Whether you are on active duty, in the reserve or Guard, a veteran or a retiree this section helps you understand your military pay, allowances, and military compensation package. Your military pay provides you with a solid base of military income. While there are many additional military financial support programs, your military basic pay is the fiscal foundation of your military career. Military pay tables for enlisted service members and for military officers are based on rank and grade, making it easy to calculate basic pay based on your military standing.
Military allowances - money you receive over and above your basic pay - supplement your costs of living for everything from housing to childcare, from clothing to relocation expenses, and much more. Some military allowances are even tax exempt, allowing you to use your after-tax military pay for other necessities, and even lifestyle luxuries.
Changes in pay grade, duty status, your military occupation, duty station, or deployment status can have an impact on your pay. Understand your basic pay, then learn how military benefits and military bonus programs can add up to your most expansive military lifestyle worthy of you and your family. You've earned it; you're part of today's U.S. military.
Basic Pay is given to members of the active duty military on a monthly basis. It is determined by their pay grade and their length of time in military service. Basic Pay, also known as Base Pay, is the same for all the services. The enlisted pay chart includes pay rates for all grades from E-1 through E-10 and for durations of military service ranging from less than four months to over 40 years.
Members of the Selected Reserve perform a minimum of one weekend drill per month and two week period of job-specific training. In exchange for drill, Guard/Reserve members receive monthly drill pay, which is equal to one day's active duty base pay for each drill period. When deployed or in Initial Active Duty Training (IADT) they are temporarily placed in full Active Duty status for the duration of their deployment or training orders.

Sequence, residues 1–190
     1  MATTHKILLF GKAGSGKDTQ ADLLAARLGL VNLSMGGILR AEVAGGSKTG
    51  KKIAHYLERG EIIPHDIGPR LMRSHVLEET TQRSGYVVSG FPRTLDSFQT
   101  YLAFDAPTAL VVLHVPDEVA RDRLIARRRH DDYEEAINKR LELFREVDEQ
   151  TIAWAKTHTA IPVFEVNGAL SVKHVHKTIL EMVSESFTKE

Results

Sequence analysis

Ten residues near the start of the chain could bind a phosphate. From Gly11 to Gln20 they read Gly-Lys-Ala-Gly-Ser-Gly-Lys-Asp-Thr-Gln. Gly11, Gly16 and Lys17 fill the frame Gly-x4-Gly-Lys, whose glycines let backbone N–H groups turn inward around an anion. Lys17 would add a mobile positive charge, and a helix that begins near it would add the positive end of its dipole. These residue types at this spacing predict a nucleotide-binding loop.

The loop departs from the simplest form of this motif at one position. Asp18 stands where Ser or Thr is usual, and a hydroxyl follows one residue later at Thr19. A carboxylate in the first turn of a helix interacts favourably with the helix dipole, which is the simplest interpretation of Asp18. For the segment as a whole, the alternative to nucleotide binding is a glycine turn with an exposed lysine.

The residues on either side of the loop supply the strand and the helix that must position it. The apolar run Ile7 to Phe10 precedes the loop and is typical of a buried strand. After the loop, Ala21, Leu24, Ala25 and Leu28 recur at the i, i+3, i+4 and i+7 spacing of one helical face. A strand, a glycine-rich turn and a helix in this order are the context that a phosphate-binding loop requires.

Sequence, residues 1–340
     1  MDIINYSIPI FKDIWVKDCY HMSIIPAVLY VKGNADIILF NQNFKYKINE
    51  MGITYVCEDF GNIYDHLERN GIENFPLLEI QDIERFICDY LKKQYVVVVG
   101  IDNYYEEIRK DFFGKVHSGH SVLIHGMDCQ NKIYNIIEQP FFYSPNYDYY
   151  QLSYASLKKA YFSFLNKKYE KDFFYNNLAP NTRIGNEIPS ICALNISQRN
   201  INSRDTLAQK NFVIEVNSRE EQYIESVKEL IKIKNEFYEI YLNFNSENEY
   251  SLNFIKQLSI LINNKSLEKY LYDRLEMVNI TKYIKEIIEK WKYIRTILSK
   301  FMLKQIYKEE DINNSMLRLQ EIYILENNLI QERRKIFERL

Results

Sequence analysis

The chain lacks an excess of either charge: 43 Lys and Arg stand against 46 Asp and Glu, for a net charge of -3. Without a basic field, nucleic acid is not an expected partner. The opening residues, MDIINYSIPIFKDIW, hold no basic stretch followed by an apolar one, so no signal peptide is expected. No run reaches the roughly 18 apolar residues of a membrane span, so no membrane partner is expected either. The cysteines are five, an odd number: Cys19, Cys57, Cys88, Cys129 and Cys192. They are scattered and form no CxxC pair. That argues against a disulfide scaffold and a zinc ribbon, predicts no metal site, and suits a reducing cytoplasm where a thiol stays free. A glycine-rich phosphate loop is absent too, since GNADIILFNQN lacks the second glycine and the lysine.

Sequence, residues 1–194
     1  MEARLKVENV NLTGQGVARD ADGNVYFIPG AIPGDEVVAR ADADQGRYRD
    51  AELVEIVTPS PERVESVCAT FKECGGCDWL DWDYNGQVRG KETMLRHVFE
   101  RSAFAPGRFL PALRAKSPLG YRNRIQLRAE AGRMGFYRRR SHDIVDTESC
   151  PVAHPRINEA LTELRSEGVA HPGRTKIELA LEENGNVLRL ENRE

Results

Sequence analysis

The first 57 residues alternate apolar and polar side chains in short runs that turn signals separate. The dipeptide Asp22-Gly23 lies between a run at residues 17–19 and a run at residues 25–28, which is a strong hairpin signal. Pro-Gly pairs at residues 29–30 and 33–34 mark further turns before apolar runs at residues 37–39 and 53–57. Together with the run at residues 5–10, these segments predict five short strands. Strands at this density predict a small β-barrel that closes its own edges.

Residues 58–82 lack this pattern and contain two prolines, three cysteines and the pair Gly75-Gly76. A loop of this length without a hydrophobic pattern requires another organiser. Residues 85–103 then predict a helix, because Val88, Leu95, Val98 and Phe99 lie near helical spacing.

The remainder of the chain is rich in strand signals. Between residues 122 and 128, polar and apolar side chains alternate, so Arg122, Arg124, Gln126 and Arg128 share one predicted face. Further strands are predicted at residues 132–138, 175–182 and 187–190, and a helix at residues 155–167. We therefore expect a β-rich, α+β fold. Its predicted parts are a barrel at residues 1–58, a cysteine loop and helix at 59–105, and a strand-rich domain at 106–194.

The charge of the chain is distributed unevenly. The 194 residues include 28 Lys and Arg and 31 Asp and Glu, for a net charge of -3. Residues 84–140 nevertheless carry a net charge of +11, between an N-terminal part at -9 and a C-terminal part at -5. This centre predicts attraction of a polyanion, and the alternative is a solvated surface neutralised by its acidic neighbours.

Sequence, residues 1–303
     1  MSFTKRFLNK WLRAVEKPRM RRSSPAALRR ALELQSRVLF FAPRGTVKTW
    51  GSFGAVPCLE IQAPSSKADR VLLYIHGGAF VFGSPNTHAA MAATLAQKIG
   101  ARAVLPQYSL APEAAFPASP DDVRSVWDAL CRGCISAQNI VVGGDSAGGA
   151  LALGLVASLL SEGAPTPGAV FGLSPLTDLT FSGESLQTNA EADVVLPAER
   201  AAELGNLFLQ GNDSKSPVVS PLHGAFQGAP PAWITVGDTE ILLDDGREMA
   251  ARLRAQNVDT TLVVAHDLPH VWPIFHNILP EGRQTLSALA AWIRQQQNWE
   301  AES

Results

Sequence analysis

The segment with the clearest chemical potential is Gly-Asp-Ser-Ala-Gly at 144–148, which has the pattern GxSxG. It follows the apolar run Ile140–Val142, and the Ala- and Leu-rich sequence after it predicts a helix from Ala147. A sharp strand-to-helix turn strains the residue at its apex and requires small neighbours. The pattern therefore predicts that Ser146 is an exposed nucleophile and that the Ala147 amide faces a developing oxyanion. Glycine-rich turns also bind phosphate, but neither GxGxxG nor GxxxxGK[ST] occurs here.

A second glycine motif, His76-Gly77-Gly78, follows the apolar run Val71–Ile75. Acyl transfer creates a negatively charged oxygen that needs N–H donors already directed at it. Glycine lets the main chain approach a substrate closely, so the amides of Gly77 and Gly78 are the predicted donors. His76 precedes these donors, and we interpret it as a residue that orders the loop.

Incentive and Special Pay can be received in addition to Basic Pay. A member entitled to special duty assignment pay may receive such pay in addition to any other pay and allowance to which they are entitled. Members who meet requirements may be awarded a special duty assignment rating to receive additional pay relative to combat, specified duties, and unique training.
There are several types of BAH to satisfy various housing situations that occur among military members. In general, the amount of BAH you receive depends on your location, pay grade, and whether you have dependents. Under most circumstances, you receive BAH for the location where you are assigned, not where you live.
In doing my research comparing a VA loan versus a conventional loan, it appears that if you put 20% down on a conventional loan...
I used by VA home loan eligibility on a home purchase back in the 80’s. I paid it off years ago. I want to purchase another home...
I am active duty military and government housing is not available at my base. Can a VA lender can count my BAH income...